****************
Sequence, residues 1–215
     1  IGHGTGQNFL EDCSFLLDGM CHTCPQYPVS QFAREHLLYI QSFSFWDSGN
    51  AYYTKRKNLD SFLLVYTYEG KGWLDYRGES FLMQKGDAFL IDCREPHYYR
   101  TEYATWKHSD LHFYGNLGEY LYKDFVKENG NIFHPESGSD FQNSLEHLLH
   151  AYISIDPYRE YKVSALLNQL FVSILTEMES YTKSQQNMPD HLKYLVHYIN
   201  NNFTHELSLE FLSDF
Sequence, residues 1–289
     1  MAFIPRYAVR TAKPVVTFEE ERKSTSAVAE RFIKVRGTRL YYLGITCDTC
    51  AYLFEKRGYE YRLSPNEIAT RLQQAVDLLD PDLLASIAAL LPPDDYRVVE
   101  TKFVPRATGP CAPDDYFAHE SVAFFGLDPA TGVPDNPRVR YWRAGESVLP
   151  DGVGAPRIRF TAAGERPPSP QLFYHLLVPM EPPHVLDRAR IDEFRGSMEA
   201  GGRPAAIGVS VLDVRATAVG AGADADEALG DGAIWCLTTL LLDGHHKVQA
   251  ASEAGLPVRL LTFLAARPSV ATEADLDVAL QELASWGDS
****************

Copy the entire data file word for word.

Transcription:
Sequence, residues 1–215
     1  IGHGTGQNFL EDCSFLLDGM CHTCPQYPVS QFAREHLLYI QSFSFWDSGN
    51  AYYTKRKNLD SFLLVYTYEG KGWLDYRGES FLMQKGDAFL IDCREPHYYR
   101  TEYATWKHSD LHFYGNLGEY LYKDFVKENG NIFHPESGSD FQNSLEHLLH
   151  AYISIDPYRE YKVSALLNQL FVSILTEMES YTKSQQNMPD HLKYLVHYIN
   201  NNFTHELSLE FLSDF
Sequence, residues 1–289
     1  MAFIPRYAVR TAKPVVTFEE ERKSTSAVAE RFIKVRGTRL YYLGITCDTC
    51  AYLFEKRGYE YRLSPNEIAT RLQQAVDLLD PDLLASIAAL LPPDDYRVVE
   101  TKFVPRATGP CAPDDYFAHE SVAFFGLDPA TGVPDNPRVR YWRAGESVLP
   151  DGVGAPRIRF TAAGERPPSP QLFYHLLVPM EPPHVLDRAR IDEFRGSMEA
   201  GGRPAAIGVS VLDVRATAVG AGADADEALG DGAIWCLTTL LLDGHHKVQA
   251  ASEAGLPVRL LTFLAARPSV ATEADLDVAL QELASWGDS